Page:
School district seeks to reduce bullying behavior
The younger students in the Greencastle-Antrim School District are bullied, and are bullies themselves, at a higher rate than the national average. The findings from a 2009 self-reporting survey indicate a Pennsylvania mandate for schools to establish bullying programs came at an opportune time.
"We knew we had issues and were concerned," said director of education Bob Crider. "We wanted to identify them and be proactive."
G-ASD is adopting a bullying prevention program called HALT, funded by Highmark Healthy High 5, an initiative of the Highmark Foundation. Training has begun and the program will be implemented at the start of the 2010-2011 school year in each of the campus buildings.
"We want to change the culture so bullying isn't tolerated," Crider added. "It never was, but we want everyone, employees and students, on the same page."
Often bystanders to a bullying event want to help but don't know what to do. The program will provide tools for the students to respond in an appropriate way if they witness the abuse, Crider said.
Already members of coordinating committees have been trained in each of the four schools. Teachers will complete training at workshops over the summer. The district will present the Olweus Bullying Prevention Program for students in grades K-12, created in Norway by Dr. Dan Olweus, a research professor of psychology. A need for his program was prompted in 1983 when three adolescent boys in his country died by suicide, likely the consequence of severe bullying by peers. The program incorporates involvement by individuals, classrooms, schools and the community.
Instances of bullying
Findings of the local 2009 survey indicate that 30 percent of elementary students have been bullied two or three times or more per month, a standard of measure. That was 10 percent higher than the national average.
Nineteen percent of G-A middle school students said they were bullied, five percent more than the national norm. At the high school level, 13 percent of students were bullied, equal to the national rate.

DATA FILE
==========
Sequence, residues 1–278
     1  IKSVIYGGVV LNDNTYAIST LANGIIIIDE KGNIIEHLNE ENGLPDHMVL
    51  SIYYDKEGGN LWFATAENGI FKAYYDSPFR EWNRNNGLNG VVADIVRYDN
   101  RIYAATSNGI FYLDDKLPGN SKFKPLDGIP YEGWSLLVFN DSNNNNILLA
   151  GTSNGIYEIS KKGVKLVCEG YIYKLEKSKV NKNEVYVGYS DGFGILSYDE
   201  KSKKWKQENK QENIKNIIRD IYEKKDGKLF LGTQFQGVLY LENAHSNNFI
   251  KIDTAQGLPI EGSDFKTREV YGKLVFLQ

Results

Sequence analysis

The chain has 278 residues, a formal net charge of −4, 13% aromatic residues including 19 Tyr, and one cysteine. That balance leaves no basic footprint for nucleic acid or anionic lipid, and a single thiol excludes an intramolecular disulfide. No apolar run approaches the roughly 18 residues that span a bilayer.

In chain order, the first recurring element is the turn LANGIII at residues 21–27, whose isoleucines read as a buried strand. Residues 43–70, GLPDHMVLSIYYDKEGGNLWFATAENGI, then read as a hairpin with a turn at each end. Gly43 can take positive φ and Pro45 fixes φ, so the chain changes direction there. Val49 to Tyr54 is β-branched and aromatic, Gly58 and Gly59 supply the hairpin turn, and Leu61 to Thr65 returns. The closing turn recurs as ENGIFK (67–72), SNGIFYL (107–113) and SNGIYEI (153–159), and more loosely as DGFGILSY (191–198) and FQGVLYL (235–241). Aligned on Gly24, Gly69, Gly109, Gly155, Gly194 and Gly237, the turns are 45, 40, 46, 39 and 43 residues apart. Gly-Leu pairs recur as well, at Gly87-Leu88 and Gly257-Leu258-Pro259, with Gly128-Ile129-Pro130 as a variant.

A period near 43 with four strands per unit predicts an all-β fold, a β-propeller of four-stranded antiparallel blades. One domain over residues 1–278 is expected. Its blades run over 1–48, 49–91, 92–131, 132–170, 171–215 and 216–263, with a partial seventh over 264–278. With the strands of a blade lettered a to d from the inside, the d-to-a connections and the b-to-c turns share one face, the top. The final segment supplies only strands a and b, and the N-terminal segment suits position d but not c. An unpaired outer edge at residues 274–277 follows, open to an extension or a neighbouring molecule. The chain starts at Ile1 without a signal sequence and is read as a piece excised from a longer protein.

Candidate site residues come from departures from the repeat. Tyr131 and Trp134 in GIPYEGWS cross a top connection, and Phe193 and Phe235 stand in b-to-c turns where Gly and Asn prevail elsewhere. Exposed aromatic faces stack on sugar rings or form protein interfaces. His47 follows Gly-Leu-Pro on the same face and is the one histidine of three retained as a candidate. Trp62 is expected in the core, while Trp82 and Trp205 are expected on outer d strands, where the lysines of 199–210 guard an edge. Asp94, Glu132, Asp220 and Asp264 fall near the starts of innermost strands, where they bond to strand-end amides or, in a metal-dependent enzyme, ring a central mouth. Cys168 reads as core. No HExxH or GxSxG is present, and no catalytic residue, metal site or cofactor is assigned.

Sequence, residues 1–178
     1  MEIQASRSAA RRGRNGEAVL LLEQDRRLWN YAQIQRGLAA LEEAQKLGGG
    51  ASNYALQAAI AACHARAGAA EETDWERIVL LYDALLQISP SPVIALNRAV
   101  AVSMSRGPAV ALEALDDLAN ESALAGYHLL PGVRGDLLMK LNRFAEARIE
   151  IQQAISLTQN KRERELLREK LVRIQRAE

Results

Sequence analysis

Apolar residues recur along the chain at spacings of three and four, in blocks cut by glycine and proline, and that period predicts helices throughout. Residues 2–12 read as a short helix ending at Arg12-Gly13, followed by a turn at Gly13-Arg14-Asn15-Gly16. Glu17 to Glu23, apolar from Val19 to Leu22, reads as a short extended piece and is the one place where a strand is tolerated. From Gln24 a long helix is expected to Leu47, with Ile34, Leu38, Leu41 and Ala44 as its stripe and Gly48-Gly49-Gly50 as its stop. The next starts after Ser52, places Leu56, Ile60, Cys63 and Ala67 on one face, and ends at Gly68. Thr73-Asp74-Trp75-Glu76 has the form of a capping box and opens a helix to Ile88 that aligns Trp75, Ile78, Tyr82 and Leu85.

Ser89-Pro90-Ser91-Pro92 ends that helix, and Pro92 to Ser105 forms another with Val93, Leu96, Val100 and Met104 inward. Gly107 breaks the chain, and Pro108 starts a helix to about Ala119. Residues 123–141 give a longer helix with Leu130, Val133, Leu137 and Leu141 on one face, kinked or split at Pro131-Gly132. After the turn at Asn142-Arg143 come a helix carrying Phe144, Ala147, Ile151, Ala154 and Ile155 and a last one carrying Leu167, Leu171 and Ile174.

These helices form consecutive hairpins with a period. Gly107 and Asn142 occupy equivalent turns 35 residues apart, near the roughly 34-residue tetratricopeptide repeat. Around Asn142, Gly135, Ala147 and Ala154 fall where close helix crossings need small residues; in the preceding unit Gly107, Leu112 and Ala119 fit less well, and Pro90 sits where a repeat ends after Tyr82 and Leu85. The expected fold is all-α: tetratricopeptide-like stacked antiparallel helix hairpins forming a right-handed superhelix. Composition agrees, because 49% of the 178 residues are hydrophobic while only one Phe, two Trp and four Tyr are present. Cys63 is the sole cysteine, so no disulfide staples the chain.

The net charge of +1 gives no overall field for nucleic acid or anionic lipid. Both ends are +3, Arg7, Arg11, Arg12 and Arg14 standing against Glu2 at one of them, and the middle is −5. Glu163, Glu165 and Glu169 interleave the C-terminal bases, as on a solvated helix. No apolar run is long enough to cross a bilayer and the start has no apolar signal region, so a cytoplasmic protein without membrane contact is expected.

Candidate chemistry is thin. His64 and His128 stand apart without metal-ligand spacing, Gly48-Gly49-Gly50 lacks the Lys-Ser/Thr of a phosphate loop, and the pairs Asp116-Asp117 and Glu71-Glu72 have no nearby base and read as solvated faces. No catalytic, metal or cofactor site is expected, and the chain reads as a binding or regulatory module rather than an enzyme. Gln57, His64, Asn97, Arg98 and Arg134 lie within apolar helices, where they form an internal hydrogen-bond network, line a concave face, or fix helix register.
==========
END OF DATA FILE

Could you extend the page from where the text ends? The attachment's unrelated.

G-ASD students are also bullies. Survey data revealed that eight percent of elementary students admitted they bullied other children, two percent higher than the national average.
In the middle school the rate was 12 percent, again two percent higher than average. At the high school, the 12 percent rate of students bullying peers equals the national rate.
Bullying has been defined as a form of aggression intended to harm or cause distress in another. It is a repeated behavior with an imbalance of power among the parties.
Crider said G-A students experience bullying most often through verbal or cyber abuse, rumors or exclusion. Other forms include physical, racial or sexual.
Ready for fall
Crider does not expect the prevalence of bullying to increase once the anti-bullying agenda is in place. Rather, he predicted reporting would go up.
Through the advance preparation, the school staff devised a tracking system to determine who participates in any bullying behavior and the consequences have been established. He is optimistic the results will be successful. Highmark reported at the end of 2009 that schools which utilized the Olweus program saw a 14 percent drop in bullying in elementary schools and a 25 percent drop in high schools after just three months. After six months, 14 percent of middle school students said they would try to help a student being bullied. Some schools have seen a 50 percent reduction in incidents.
The atmosphere in the schools should benefit.
"If kids don't feel safe they don't learn well," Crider concluded. "We are aware of that, and now with more education we know how to handle it appropriately."